PwC’s cyber security practice has worked closely with BAE Systems and other members of the security community – including the UK’s newly-established National Cyber Security Centre – to uncover and disrupt what’s thought to be one of the largest-ever sustained global cyber espionage campaigns.
Since late 2016, when the scale of the espionage campaign became increasingly apparent, PwC and BAE Systems – through their membership of the Cyber Incident Response (CIR) scheme – have shared their research results pertaining to the campaign with the National Cyber Security Centre, which has notified affected communities.
PwC and BAE Systems believe the hacking group widely known as APT10 conducted the espionage campaign by targeting providers of managed outsourced IT services as a ‘way in’ to their customers’ organisations around the world, gaining unprecedented access to Intellectual Property and sensitive data. This indirect approach of reaching many through only a few targets demonstrates a “new level of maturity” in cyber espionage.
The sheer scale of the operation was only uncovered through collaboration, and is still only likely to reflect a small portion of APT10’s global operations.
Richard Horne, cyber security partner at PwC, commented: “The future of cyber defence lies beyond simple intelligence sharing. It’s about forging true collaboration between organisations in the public and private sectors with the deep technical and innovative skills required to combat this type of threat. This operation has demonstrated the importance of the recently established National Cyber Security Centre, which was set up for moments just like this one. Operating alone, none of us would have joined the dots to uncover this new campaign of indirect attacks. Together, we’ve been working to brief the global security community, Managed Service Providers and known end victims to help prevent, detect and respond to these attacks. New forms of attack require new ways of working to defend our society. Close working collaboration is key.”
APT10 campaign: key findings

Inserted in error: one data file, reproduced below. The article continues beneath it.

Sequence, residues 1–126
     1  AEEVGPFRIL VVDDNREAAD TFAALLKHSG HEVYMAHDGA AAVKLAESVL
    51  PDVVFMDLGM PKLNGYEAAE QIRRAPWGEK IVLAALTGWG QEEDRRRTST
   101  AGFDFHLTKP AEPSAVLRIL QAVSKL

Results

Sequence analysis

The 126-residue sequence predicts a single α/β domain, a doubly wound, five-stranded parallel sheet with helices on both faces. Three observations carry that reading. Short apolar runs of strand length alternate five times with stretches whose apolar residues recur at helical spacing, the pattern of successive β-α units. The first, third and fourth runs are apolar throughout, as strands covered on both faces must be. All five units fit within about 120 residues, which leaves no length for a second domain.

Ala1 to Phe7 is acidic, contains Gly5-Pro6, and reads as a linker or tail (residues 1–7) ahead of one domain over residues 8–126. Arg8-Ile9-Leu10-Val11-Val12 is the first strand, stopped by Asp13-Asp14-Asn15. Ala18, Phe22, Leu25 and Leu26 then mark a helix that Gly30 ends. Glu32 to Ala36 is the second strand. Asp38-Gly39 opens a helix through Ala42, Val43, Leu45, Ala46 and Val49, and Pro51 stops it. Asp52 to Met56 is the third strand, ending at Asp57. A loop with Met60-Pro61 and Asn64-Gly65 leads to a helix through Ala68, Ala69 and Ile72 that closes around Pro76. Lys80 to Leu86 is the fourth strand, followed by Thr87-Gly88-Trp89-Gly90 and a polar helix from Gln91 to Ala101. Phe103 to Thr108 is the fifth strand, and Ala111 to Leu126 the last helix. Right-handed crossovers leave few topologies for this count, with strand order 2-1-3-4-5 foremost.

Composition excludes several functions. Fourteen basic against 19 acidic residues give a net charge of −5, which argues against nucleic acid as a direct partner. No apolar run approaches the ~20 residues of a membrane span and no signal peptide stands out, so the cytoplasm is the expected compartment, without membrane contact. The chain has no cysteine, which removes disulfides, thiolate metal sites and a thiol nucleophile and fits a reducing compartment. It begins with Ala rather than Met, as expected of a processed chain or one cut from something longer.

*APT10 targeting Managed Service Provider’s networks from 2016 onwards (it’s likely that this activity had begun as early as 2014)
*APT10 has significantly increased its scale and capability since early 2016, adding new developers and intrusion operators to continually enhance that capability
*APT10 focuses on espionage activity, targeting Intellectual Property and other sensitive data from a wide range of sectors and countries. The group is known to have exfiltrated a high volume of data from multiple victims and used compromised networks to stealthily move this data around the world
*a number of Japanese organisations have also been targeted directly in a separate, simultaneous campaign orchestrated by the same group, with APT10 masquerading as legitimate Japanese Government entities in order to gain access
Kris McConkey (cyber threat detection and response partner at PwC, who presented on the findings of this joint research at the Kaspersky Labs Security Analyst Summit in St Maarten on 3 April) added: “The indirect approach of this attack highlights the need for organisations to have a comprehensive view of the threats to which they’re exposed, including those of their supply chain. Alongside our research work, we’ve also notified the threat intelligence community and worked with the National Cyber Security Centre to notify Managed Service Providers and known victims.”
McConkey added: “This is a global campaign with the potential to affect a wide range of countries. On that basis, organisations around the world should work with their security teams and solution providers to check networks for the key warning signs of compromise and then ensure that they respond and protect themselves accordingly.”
*For copies of PwC and BAE Systems’ report on the APT10 operation visit https://www.pwc.co.uk/issues/cyber-security-data-privacy/insights/operation-cloud-hopper.html